Native American overlay pieces are made of two layers of sterling silver. The bottom layer is a solid piece while the top layer has a cutout design. The cutout layer is placed over the bottom layer and the two pieces are "sweated" together, heated so that they become one solid piece of sterling silver. The bottom layer, or background, that shows through the cut out portion of the top layer is often darkened for contrast.

Hopi silversmiths typically texture the background layer with hash marks while Navajo artists often leave the background smooth. Hopi artists tend to use geometric designs and symbols similar to those used in their pottery and baskets. Navajo silversmiths tend to create scenes depicting everyday life using people, animals, buildings and landscapes to tell a story - this style is called "overlay storyteller jewelry". Read more about overlay here.

About Native American Rings

Materials

Southwest Native American rings can be made from many materials but usually are sterling silver alone or embellished with turquoise, coral, jet, mother of pearl, petrified wood, abalone, lapis lazuli, jasper, gaspeite, malachite, spiny oyster, tiger eye, white buffalo stone, onyx, opal, bear claws and much more.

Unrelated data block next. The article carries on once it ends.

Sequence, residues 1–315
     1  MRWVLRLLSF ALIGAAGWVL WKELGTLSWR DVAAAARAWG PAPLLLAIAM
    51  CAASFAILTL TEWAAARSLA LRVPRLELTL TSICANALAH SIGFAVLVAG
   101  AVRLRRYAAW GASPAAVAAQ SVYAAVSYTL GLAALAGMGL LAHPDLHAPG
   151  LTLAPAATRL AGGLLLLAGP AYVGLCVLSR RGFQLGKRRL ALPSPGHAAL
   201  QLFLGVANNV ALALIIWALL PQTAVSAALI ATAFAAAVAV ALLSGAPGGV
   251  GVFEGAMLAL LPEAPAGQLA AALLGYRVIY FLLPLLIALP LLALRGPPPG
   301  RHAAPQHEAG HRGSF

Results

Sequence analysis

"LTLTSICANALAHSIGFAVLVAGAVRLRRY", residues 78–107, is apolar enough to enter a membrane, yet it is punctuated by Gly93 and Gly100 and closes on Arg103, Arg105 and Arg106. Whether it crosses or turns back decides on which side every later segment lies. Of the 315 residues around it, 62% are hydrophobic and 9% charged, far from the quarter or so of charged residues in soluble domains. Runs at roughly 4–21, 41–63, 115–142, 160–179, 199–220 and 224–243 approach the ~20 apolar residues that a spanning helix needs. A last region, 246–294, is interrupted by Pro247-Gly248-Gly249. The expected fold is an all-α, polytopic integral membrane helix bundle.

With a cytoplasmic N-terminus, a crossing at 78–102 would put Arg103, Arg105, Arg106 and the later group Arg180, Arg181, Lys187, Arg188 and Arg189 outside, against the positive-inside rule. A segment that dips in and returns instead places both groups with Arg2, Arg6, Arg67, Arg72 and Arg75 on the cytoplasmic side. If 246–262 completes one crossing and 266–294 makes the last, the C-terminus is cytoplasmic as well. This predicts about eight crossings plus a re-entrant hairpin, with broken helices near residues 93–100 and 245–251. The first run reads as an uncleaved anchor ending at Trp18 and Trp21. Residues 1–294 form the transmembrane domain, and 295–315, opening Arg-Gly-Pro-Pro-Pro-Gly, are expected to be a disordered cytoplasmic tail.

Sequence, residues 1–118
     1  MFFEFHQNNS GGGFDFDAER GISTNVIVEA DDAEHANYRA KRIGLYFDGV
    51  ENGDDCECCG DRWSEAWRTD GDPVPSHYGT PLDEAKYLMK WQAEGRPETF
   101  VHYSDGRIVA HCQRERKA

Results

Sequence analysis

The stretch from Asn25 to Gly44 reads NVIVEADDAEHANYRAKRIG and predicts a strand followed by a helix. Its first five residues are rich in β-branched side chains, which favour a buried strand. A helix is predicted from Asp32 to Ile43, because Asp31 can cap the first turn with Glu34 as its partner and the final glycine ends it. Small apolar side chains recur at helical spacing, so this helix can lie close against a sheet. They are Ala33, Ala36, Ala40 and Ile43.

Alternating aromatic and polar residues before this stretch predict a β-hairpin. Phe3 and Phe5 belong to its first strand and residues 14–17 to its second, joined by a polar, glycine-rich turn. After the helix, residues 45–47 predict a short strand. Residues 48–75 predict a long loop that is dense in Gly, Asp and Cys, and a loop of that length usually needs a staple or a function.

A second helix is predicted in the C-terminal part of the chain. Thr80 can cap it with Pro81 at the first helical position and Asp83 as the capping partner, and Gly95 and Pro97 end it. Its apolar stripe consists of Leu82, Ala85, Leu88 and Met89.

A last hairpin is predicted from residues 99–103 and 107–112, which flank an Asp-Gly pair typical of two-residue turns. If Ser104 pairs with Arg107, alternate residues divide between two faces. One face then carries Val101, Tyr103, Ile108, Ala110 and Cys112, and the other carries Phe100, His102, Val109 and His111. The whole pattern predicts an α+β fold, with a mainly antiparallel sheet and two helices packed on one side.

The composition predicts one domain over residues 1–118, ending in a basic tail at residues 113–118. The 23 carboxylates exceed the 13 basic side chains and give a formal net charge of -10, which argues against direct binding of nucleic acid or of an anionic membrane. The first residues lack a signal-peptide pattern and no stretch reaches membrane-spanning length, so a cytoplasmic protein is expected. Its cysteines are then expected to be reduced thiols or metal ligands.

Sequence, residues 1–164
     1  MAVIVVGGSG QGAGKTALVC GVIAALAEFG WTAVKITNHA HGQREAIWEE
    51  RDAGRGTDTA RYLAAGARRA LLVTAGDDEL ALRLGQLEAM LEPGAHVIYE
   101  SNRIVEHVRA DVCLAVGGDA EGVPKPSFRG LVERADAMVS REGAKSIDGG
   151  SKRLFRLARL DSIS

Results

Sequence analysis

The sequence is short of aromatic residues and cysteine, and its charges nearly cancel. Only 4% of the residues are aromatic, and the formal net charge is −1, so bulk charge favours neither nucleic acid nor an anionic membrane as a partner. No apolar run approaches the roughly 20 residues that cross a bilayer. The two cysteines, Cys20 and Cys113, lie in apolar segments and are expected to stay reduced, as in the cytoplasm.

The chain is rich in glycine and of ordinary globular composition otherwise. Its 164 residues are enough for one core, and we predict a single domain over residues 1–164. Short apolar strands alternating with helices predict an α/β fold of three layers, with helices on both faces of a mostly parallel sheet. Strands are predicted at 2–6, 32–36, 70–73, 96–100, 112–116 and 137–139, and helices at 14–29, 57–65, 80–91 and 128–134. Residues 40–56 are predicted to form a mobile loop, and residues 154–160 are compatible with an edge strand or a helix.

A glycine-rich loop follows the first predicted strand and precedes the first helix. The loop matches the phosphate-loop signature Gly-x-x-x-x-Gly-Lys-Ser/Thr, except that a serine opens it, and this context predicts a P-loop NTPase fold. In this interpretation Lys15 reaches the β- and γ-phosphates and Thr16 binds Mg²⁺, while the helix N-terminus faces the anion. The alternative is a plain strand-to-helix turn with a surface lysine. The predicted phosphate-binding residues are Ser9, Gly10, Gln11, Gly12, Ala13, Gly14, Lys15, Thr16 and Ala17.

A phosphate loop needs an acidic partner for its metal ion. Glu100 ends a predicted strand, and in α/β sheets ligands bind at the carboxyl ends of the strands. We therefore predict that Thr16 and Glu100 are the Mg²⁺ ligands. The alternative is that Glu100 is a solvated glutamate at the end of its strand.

Styles

The styles of Southwest Native American rings are many and varied including bands, single stone, shadowbox, cigar band, pictorial inlay, cobblestone, corn row and mosaic inlay, storyteller, sandand tufa , cluster, petit point, needlepoint, snake eye, overlay, feather, leaf, channel inlay and others.

Navajo

Navajo rings are typically a sterling silver band, often heavy and/or elaborate. The band can be silver only or have stones that are set with various types of bezels. For more information on bezels, read my article Types of Bezels. If a Navajo ring is inlaid, the inlay pieces are usually separated by silver channels.

Zuni

Zuni rings are usually either stone-on-stone inlays (no silver channels in between the pieces), snake rings, snake eye, petit point or needlepoint.